Socialist's Rocard: loved by the people, but not by his party
Paris — In the world of French politics, he is a Formula 1 race driver. But if Michel Rocard wins every Grand Prix, he has failed so far to win the world championship. According to opinion polls, Mr. Rocard is the most popular politician in France. He is short and slight, perky, spontaneous, fast-thinking, and fast-talking.
The Socialists may founder at the legislative elections next spring, but Rocard, a party leader, keeps getting higher grades. In opinion polls, Rocard comes out ahead of President Franois Mitterrand and a host of other French politicians.
Yet many members of the Socialist party machine dislike Rocard. His opponents call him politically naive and immature. The Socialists selected Mr. Mitterrand at the party's 1979 convention to be its presidential candidate. Even now, facing strong public disfavor, it seems as if some Socialists would rather sink politicaly than allow Rocard to take the helm.
Rocard, a Protestant, conveys an impression of honesty. His brand of socialism -- some call it social democracy or democratic socialism -- is closer to Sweden's and West Germany's than to Mitterrand's. It is pragmatic. It does not call for the state to run the economy.
President Mitterrand outmaneuvered him within their party. Once elected President, Mitterrand appointed Rocard to two posts where he seemed certain to fail: minister of economic planning and development, and later, minister of agriculture. Against all odds, Rocard performed each job well.
Last spring he resigned from the government and declared his candidacy to the 1988 presidential elections, causing an uproar in his party. He said he intended to ``be neither a traitor to the socialists nor their hostage.''
In an interview with the Monitor, Rocard claimed that the Mitterrand administration has been a failure, and has seriously damaged the French Socialist Party for years to come. Rocard says he is convinced that between the Marxist left and the ultra-liberals, there is a more moderate third way: democratic socialism which cherishes freedom and social justice equally.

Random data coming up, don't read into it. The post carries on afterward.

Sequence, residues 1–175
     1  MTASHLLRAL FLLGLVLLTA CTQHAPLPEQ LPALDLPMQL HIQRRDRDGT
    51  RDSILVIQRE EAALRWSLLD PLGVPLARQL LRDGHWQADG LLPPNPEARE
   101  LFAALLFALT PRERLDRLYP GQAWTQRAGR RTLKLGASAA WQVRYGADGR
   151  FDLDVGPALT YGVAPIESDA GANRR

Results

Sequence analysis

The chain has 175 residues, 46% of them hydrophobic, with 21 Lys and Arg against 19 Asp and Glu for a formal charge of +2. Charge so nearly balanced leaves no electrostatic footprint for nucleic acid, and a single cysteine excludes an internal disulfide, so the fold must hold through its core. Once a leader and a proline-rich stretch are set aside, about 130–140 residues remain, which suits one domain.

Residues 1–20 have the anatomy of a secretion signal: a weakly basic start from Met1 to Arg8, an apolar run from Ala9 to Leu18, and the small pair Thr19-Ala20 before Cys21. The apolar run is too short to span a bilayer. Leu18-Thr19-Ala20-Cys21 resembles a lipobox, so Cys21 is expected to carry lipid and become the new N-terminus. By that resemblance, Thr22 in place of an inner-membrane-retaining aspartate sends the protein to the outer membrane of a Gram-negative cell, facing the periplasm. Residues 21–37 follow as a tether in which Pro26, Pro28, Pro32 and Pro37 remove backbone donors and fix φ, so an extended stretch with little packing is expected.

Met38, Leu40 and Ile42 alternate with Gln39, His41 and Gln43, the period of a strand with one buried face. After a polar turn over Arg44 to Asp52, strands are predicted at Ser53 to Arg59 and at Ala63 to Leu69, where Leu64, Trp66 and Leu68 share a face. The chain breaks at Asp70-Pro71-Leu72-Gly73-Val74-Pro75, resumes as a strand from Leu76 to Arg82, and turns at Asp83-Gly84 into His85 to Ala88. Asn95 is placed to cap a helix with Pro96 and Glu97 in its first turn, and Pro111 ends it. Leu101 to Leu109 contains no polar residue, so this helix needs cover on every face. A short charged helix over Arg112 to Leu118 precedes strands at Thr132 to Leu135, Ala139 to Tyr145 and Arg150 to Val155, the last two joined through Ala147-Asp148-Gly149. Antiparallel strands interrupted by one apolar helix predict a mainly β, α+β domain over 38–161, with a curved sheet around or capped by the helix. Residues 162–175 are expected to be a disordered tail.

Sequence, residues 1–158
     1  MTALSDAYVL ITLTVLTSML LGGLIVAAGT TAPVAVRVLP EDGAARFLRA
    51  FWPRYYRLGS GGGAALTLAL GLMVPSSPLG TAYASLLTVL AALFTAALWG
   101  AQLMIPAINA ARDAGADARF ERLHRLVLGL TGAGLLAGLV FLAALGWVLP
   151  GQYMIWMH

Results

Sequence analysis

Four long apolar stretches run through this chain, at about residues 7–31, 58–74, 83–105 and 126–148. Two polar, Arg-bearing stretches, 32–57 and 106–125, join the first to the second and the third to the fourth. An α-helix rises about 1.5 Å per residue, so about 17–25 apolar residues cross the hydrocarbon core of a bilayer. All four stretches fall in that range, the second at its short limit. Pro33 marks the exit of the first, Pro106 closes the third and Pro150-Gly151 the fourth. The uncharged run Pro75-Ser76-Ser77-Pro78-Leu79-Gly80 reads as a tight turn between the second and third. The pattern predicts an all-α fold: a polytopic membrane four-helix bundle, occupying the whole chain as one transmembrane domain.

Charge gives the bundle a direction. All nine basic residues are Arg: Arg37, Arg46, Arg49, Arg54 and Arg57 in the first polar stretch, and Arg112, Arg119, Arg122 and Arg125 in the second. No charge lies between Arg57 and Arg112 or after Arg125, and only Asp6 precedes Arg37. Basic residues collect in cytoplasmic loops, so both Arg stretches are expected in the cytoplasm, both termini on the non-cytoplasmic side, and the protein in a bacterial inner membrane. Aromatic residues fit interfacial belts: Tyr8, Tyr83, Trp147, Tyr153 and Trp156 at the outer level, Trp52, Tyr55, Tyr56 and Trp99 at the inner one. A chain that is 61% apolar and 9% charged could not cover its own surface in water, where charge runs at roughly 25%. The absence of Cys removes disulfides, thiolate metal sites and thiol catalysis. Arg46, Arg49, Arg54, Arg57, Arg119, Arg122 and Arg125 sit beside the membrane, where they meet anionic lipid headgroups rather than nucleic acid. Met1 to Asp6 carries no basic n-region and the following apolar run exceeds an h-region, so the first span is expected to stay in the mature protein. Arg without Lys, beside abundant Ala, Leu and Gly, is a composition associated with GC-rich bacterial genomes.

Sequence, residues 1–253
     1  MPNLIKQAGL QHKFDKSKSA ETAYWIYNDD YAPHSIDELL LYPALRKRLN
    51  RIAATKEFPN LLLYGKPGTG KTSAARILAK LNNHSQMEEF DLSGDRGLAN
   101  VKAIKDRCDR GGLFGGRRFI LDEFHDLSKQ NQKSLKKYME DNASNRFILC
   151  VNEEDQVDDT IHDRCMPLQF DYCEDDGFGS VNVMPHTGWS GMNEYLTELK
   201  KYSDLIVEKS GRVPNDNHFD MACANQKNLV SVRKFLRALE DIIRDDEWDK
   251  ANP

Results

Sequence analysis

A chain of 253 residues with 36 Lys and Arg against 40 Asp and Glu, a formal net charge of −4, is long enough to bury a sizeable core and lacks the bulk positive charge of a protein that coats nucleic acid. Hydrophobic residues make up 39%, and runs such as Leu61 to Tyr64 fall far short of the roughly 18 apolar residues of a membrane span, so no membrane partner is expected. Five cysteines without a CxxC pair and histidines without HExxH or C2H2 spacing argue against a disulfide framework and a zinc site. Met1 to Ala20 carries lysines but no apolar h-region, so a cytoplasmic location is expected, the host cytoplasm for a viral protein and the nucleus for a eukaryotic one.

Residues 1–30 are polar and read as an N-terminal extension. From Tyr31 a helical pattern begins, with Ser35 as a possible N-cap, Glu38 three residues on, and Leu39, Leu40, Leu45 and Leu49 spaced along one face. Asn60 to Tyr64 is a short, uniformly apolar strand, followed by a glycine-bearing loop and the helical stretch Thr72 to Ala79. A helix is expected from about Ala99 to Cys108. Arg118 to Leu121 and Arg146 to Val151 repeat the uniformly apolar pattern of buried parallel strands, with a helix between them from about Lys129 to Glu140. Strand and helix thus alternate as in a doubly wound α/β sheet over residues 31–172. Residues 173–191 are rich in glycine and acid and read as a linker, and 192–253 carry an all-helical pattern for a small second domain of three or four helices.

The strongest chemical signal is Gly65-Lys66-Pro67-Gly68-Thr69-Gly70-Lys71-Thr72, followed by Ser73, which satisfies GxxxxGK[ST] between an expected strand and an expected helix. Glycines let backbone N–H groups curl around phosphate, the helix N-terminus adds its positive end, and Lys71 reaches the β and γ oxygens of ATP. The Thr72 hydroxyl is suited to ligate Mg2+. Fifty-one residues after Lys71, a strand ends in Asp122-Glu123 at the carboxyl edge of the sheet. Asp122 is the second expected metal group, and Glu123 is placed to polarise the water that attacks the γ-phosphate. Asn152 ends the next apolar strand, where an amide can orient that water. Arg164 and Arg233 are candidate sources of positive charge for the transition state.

``Freedom is at the center of our Judeo-Christian civilization. We created the civil liberties. Through its police, the state is supposed to intervene so as to protect these liberties against abuses and infringements. Yet, when it comes to the economy, the ultra-liberals turn a blind eye to abuses -- attempts to dominate others. The state's role . . . is to determine and protect the fair rules of the game,'' he says.
Rocard says the industrial nations must show much greater flexibility toward the developing nations in order to avert a world economic crisis. ``We must work with them as partners, or else we will dig their and our own grave.''
On European affairs, Rocard says the nations must rally around Eureka, a West European space technology research program aimed at civilian applications which was initiated by the French. Eureka is an alternative to President Reagan's Strategic Defense Initiative. ``Otherwise in five years Western Europe will lag so badly behind the United States and Japan, with regard to advanced technology, that it will no longer be a credible force in world affairs.''
Rocard is also is a firm believer in the Franco-German alliance. ``When we and the Germans work closely together, Europe begins to exist,'' he says. A common European currency and sharing European technology are vital, he says.